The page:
Imaging X-ray Polarimetry Explorer (IXPE) is a telescope that aims to study the polarization of X-radiation emitted by black holes and neutron stars. This mission, which is also associated with the Italian Space Agency, should normally be launched in 2021. And to do this, NASA relies once again on SpaceX. The launch of the Falcon 9 will be from the Kennedy Space Center in Cape Canaveral, Florida. The overall amount of the contract: $ 50.3 million.
“SpaceX is honored to have NASA continue to rely on its proven launchers to put important scientific tasks into orbit,” said Gwynne Shotwell, President, and COO, SpaceX, in a statement. IXPE will be SpaceX’s sixth contracted mission under NASA’s launch services program, two of which were successfully launched in 2016 and 2018, strengthening the agency’s scientific observation capabilities. “
Study the most extreme objects in the Universe
IXPE will consist more precisely of three identical small telescopes. All placed at about 540 km altitude. The main objectives of the mission will be to improve our understanding of the physical processes producing X-rays in the vicinity of the most compact objects in the Universe. It will also be better to understand the speed of certain black holes. Or to determine the geometry and intensity of the magnetic field of the magnetars.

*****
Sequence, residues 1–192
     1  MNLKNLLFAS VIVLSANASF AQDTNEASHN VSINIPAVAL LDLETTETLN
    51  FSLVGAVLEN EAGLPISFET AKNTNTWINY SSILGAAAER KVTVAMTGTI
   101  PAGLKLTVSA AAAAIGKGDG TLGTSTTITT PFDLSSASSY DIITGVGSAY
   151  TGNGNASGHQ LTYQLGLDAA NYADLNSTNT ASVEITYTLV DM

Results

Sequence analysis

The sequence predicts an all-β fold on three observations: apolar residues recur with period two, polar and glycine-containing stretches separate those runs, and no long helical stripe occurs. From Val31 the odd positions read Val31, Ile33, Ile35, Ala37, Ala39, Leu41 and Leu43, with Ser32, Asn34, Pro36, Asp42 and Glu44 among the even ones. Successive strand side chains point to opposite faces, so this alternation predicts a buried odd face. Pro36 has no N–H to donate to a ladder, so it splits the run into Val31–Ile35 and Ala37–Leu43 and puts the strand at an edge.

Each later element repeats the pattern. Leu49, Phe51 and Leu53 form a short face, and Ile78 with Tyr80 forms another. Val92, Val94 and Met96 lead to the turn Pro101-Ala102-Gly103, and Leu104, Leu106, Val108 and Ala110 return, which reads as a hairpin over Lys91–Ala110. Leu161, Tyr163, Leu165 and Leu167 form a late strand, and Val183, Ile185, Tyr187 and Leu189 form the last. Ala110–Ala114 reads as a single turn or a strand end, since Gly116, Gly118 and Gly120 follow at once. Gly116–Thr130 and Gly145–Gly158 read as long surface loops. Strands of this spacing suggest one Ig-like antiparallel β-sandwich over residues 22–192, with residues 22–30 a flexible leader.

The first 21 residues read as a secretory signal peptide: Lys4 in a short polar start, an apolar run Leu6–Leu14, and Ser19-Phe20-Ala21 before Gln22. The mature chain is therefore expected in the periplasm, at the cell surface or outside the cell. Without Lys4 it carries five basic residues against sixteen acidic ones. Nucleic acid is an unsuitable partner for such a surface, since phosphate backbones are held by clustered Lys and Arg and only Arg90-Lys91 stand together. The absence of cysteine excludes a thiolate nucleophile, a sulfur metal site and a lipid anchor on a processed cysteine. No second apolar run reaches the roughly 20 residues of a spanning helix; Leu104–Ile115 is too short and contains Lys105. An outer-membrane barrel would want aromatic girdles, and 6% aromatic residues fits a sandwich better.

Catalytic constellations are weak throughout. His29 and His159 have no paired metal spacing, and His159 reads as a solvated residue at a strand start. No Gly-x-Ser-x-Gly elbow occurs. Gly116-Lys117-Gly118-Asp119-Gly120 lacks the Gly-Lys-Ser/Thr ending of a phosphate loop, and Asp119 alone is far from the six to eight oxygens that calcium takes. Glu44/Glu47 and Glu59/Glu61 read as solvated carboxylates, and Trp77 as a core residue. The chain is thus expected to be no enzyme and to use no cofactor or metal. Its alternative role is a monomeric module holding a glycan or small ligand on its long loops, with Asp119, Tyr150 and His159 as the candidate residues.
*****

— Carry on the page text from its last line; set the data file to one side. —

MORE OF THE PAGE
Results that will allow us to “probe the origin and fate of our universe, including the nature of black holes, dark energy, dark matter, and gravity,” says NASA.
It is not known yet whether other payloads – NASA or not – will be placed on the rocket. The IXPE instrument has only a mass of 292 kg, according to a fact sheet of the mission, while the Falcon 9 launcher can place up to 22.8 tons in low orbit. Left to take off a rocket, as much enjoy.
Note also that the cost of this mission is much lower than the contract awarded by NASA to SpaceX on April 11th. This involved launching the Double Asteroid Redirection Test (DART) mission. The mission, scheduled for launch in June 2021 from Vandenberg Air Force Base in California, will cost the US agency just under $ 70 million. It will test the effectiveness of an impactor to deflect an asteroid potentially dangerous for our planet.